The senior star running back for Benedictine Military School is one of the city’s stellar students.
It’s not all Snapchat and video games for today’s youth. Meet John Wesley Kennedy, senior and running back at Benedictine Military School, who has scored some major stats throughout his high school career. Written Sarah Taylor Asquith. Photography by Katie McGee.
It’s safe to say that 2016 was a good year for John Wesley Kennedy. As the leading rusher on Benedictine’s football team, he helped them finish the season undefeated, taking home the Class 2A state title in December; he also was named the Region 2-AA Player of the Year. What’s more, Wesley (he goes by his middle name) has received 14 offers for full-ride scholarships from colleges including Appalachian State, University of Cincinnati, Southern Miss, Georgia Southern and Tulane. His first offer arrived during his junior year.
“He’s the best overall slotback we’ve had in the seven years since I’ve been here. Pound for pound, he’s one of the strongest guys on our team and he’s also one of the fastest,” says Baker Woodward, BC’s offensive coordinator. “He’s very football-smart. We have a system for our offense and he adjusts to what the defense is doing without having to tell him.”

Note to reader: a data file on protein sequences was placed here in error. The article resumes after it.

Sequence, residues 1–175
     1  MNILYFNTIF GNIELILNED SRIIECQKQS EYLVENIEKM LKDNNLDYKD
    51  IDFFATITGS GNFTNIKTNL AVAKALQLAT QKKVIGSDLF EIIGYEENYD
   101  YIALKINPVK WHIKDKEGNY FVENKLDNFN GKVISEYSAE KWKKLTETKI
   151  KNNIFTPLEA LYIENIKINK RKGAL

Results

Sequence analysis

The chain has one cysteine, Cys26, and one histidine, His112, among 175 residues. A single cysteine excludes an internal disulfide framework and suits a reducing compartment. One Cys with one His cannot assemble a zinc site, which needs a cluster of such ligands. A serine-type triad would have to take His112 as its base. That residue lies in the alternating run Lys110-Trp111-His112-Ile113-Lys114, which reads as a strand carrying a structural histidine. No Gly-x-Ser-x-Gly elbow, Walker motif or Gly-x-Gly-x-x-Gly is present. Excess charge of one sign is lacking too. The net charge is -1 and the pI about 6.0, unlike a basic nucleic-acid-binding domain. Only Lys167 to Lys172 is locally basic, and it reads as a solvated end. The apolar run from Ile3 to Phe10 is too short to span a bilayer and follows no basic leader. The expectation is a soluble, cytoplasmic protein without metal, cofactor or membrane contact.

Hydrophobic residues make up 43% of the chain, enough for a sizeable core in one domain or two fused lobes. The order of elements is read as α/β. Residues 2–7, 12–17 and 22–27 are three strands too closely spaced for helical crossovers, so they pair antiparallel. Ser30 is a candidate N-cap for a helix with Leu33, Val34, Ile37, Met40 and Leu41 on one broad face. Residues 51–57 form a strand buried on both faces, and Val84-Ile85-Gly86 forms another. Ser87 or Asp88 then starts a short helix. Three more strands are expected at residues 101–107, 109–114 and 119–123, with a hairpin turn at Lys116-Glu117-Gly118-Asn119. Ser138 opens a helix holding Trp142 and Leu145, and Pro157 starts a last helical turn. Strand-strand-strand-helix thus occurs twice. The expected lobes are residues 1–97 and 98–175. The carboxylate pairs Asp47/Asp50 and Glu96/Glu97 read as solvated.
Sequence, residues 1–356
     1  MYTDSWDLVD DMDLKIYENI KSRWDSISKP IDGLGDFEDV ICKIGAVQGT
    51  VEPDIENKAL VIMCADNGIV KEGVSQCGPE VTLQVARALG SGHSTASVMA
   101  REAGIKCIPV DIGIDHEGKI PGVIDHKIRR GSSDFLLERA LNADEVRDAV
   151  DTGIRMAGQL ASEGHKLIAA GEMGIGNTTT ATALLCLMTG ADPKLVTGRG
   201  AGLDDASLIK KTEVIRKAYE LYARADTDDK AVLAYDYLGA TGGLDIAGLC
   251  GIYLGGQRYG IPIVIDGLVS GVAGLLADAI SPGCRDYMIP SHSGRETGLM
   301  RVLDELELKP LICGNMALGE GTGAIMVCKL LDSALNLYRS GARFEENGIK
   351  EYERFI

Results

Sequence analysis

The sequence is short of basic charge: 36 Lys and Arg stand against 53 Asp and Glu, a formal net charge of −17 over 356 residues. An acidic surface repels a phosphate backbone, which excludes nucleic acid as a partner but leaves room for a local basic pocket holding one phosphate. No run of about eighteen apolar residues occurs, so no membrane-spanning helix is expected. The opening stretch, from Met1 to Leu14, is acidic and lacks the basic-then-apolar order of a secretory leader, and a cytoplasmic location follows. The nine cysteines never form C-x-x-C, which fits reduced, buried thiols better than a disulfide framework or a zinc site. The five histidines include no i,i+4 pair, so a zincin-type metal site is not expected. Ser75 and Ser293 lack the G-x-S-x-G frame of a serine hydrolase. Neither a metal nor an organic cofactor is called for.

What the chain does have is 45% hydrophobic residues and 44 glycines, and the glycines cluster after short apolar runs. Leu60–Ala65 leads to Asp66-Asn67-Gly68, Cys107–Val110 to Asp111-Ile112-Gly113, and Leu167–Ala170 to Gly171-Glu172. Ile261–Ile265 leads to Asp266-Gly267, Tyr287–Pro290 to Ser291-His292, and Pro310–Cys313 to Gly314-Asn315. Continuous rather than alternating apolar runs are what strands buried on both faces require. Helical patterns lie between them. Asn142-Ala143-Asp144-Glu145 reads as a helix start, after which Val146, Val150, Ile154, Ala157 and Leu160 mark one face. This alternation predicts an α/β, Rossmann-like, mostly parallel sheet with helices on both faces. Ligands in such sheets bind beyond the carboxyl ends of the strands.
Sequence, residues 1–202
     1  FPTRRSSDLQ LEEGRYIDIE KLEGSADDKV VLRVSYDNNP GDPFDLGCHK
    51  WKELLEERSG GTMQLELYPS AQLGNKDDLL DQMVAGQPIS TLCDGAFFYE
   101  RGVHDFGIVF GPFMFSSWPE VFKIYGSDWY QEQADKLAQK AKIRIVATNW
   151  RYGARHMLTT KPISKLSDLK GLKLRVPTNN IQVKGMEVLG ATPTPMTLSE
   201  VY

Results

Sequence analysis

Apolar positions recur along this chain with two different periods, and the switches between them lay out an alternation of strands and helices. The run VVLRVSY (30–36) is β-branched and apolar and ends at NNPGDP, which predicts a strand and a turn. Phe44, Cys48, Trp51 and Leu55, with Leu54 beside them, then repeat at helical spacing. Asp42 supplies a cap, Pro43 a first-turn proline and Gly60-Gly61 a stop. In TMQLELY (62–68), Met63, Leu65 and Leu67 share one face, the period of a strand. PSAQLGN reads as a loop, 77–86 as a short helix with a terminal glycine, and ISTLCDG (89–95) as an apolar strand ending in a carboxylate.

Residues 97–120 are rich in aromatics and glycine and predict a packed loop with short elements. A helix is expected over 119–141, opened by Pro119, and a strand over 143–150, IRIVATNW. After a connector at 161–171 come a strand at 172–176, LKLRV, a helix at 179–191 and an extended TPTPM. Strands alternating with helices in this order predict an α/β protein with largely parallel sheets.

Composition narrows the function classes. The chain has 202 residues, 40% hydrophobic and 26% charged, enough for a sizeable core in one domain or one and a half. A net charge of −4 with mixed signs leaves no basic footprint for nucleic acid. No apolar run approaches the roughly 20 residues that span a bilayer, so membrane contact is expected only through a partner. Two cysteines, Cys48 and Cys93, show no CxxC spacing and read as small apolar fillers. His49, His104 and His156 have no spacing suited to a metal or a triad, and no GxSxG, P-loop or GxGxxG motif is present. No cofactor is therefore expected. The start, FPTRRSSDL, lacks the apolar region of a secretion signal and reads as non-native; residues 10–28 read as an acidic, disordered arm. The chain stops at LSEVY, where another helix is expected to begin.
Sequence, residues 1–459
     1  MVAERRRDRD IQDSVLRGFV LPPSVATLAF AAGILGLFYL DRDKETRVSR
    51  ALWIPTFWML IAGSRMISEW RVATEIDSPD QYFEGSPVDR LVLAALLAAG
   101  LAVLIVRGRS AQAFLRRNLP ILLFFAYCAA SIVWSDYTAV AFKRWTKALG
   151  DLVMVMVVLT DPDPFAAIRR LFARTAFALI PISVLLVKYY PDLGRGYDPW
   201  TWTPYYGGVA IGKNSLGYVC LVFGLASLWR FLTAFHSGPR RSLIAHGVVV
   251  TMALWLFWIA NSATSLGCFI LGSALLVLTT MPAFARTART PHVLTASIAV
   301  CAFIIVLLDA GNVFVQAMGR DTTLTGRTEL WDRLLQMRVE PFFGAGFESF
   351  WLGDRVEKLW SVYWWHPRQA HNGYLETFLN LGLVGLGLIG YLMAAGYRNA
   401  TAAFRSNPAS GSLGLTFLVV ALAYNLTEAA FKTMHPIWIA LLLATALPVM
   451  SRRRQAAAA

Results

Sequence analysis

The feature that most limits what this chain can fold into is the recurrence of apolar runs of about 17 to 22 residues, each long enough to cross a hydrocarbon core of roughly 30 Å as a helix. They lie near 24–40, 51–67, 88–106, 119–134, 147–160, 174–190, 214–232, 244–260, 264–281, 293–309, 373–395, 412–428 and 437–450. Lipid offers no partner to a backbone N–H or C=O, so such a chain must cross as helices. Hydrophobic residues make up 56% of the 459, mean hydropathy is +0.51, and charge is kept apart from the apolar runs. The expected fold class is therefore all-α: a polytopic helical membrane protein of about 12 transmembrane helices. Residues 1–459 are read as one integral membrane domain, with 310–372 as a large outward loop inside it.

But Wesley, 18, would never tell you that. When asked to describe his strengths, he shrugs and drops his head. “I guess my speed, but I’m pretty balanced,” he says quietly. “I’m just trying to stay humble and work really hard.”
Over the course of his four years at BC, he’s scored some major stats: 7,552 all-purpose yards (a school record), 3,605 career rushing yards and 89 career touchdowns—usually at least one every game, he admits when prodded. “I try to play a little differently,” he adds. “I sit back, wait for my blocks and make a cut and go.”
As for that speed, his record for most yards in a game is 250, he says, and in 2015 he clocked 4.38 in the 40-yard dash. Yes, he’s also on BC’s track-and-field team—two of his scholarship offers are track/football combos. “Track was my first love,” says Wesley. “We have a lot fast people in our family, so it really started there and developed into football.”
Before his last track season at BC begins, he has to finish his last basketball season (he’s a point guard). And in the meantime, he needs to settle on one of those many scholarship offers. The deadline, his coach points out, is February 1.
Role models: “For football, I try to model my game after the Giants’ Odell Beckham Jr. and the Cowboys’ Ezekiel Elliott. But my mom is my hero. We’ve been through a lot and I play the game for her. She’s taught me how to be a man, to always be responsible and to take up for my mistakes.”
When I grow up, I want to be … “I would love to go pro, but I know that might not work out. I want to major in business management.”